Last modified on December 5th, 2023 at 1:06 pm
Pet ownership comes with responsibilities. While dogs can be fantastic companions, they depend on you for food and health care. However, the unconditional love and the joy they bring to families outweigh the responsibility.
Like most living things, your furry friend also grows older daily. They become more susceptible to illness and disease.
Some owners find it difficult to admit their once playful ball-chasing puppy is getting old and might ignore the most common health issues in senior dogs.
While some injuries cannot be prevented in old dogs, there are ways to manage them to ensure optimal comfort and long life for your pet.
This article will discuss the common health issues that senior dog owners should watch out for and tips to manage them.
When is a dog considered senior?
Dogs typically live for 10–13 years, but the lifespan varies depending on breed and size. Most breeds will be considered a senior once they clock seven years old.
Very large breeds age more rapidly than small breeds. Genetics, environmental conditions, and care can also affect the dog’s age.
One sure way to be certain your dog can be considered a senior is when they starts showing signs of age-related health issues.
Common health issues in old dogs
Senior dogs are not as active as their younger counterpart, and they might also exhibit certain behaviors that could appear abnormal. However, it is vital to distinguish between regular age-related behavioral changes and urgent medical treatment.
Joint injuries and diseases
Joint injuries and diseases can cause pain for your dogs. They are very easy to miss. Dogs suffering from these injuries and illnesses might be considered slow due to old age while they suffer in silence.
- CCL rupture
The Cranial Crucial Ligament (CCL) rupture or tear is a traumatic injury for any dog. It is usually caused by ligament degeneration, obesity, and poor physical condition. Some breeds are also more prone to this injury than others. TPLO surgery is one of the best treatments for this injury in dogs of all ages.
Osteoarthritis, or simply arthritis, is a common condition in older dogs that causes inflammation and joint pain.
It can make it difficult for dogs to move around and play. Common signs of arthritis in dogs are limping, reluctance to go up or down stairs, changes in how they walk, pain when walking, and difficulty getting up.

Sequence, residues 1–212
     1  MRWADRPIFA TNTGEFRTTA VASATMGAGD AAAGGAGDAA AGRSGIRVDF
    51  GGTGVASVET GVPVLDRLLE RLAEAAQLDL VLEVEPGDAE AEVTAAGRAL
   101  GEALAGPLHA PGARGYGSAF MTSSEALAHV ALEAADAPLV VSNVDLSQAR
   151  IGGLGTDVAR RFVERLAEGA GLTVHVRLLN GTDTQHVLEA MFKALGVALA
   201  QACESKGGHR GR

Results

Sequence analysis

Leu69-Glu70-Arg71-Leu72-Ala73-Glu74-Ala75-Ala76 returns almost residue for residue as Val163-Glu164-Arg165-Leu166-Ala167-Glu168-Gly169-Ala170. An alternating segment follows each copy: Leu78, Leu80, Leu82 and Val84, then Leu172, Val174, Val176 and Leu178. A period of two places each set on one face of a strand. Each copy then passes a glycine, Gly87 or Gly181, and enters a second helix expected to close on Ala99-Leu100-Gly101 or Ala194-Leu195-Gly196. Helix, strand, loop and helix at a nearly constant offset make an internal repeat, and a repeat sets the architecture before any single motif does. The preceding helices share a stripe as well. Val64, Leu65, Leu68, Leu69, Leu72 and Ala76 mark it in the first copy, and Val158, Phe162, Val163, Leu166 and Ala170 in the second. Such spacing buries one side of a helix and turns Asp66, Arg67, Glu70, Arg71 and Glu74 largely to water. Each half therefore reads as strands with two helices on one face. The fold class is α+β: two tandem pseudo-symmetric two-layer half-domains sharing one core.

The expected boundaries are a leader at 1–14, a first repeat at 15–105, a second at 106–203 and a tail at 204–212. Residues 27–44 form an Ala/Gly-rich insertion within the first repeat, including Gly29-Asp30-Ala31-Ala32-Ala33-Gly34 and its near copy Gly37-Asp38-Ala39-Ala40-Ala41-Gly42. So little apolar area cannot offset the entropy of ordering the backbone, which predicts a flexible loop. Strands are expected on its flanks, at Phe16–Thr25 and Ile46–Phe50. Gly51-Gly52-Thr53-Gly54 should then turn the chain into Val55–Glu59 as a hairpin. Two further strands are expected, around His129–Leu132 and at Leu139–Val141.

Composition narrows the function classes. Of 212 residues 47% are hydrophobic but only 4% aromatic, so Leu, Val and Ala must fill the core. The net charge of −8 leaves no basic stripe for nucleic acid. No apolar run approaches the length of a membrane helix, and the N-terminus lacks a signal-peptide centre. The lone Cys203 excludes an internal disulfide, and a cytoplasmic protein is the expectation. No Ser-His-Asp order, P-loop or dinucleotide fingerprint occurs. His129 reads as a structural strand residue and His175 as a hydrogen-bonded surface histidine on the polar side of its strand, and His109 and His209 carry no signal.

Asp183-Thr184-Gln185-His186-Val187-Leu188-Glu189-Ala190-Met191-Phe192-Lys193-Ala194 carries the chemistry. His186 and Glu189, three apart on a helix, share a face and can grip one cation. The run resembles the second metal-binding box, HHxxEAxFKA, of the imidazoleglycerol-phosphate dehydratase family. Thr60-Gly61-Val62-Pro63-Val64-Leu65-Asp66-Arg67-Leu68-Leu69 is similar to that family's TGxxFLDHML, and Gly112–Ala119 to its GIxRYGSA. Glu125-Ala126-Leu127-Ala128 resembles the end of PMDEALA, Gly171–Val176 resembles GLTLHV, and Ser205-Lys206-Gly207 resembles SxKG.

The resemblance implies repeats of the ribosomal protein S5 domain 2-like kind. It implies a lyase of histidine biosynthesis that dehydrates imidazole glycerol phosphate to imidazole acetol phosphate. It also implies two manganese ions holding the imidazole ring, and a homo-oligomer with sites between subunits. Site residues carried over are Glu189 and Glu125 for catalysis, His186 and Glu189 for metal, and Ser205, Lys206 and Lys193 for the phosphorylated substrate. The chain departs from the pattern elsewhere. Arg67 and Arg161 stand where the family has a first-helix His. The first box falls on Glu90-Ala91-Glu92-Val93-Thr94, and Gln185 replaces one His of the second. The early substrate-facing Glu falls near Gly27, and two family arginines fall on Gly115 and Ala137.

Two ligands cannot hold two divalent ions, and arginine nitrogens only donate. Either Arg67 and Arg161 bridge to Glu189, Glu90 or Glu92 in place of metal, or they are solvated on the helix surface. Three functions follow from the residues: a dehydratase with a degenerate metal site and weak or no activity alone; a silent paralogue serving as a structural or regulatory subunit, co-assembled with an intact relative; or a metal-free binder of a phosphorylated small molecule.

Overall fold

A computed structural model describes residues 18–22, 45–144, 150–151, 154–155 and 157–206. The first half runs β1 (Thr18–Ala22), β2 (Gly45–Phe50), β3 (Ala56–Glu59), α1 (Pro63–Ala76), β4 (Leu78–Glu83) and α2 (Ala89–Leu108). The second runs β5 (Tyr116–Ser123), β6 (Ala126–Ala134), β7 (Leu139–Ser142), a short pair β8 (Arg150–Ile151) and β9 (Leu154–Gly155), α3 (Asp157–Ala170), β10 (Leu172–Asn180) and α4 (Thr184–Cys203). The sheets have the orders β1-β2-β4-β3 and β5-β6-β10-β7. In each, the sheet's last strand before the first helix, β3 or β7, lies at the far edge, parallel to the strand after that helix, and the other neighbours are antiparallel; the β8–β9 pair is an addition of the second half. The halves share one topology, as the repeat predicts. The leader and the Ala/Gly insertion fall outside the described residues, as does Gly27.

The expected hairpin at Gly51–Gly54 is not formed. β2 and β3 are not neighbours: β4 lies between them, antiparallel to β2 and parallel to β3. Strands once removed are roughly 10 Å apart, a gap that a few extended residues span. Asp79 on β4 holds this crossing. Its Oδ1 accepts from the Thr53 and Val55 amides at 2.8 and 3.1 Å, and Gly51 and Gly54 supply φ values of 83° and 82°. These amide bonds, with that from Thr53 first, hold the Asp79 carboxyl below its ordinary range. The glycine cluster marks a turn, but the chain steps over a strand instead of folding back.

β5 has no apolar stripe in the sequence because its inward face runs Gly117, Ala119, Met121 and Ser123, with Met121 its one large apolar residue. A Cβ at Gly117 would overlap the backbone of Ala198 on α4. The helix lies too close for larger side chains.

Weight management and regular exercise can help treat and prevent osteoarthritis.
- Sprains and strains
Sprains and strains are soft tissue injuries. They do not affect any bones. A sprain is damage to the ligament that connects two bones, while a strain is damage to the muscle or tendon. Older and overweight dogs are prone to these injuries.
Dental disease is a common problem in dogs of all ages but can be especially severe in older dogs. Dental disease can cause pain, tooth loss, and infection.
Gum disease is one of the most common dental diseases in senior dogs. It is caused by bacteria turning into plaque on the teeth, which could inflate the gums.
This disease needs to be treated as soon as possible because it could spread into your pet’s bloodstream.
Other common dental disorders in senior dogs include:
- Tooth root abscess
Regular brushing of your dog’s teeth can help prevent most oral diseases.
Heart disease is another common condition in older dogs. It can cause various symptoms, including coughing, shortness of breath, and exercise intolerance. Hypertension or high blood pressure is a common heart disease in older dogs.
Hypertension is when a dog’s arterial blood pressure is too high. This can be caused by another disease or occur on its own. Symptoms include seizures, circling, disorientation, lethargy, nosebleeds, weakness, dilated pupils, and blood or protein in the urine.
Although there is no sure way to prevent heart disease in your dogs, healthy feeding can help reduce the risk.
Fighting, infection, or accidents with chemicals or other harmful substances may cause eye injuries. Some dog breeds are also more likely to have eye problems.
Many older dogs lose their eyesight, but most adapt well, even with poor vision or blindness. If you catch this early, you can teach your dog to rely on other senses to do everyday tasks. Cataracts are early signs of blindness.
Cognitive Dysfunction Syndrome (CDS)
CDS is a condition that affects the brain and can cause changes in behavior and memory. Older dogs with CDS may become forgetful, disoriented, or anxious.
The condition may be underdiagnosed because the behavioral changes happen slowly, and owners may think they are a normal part of aging.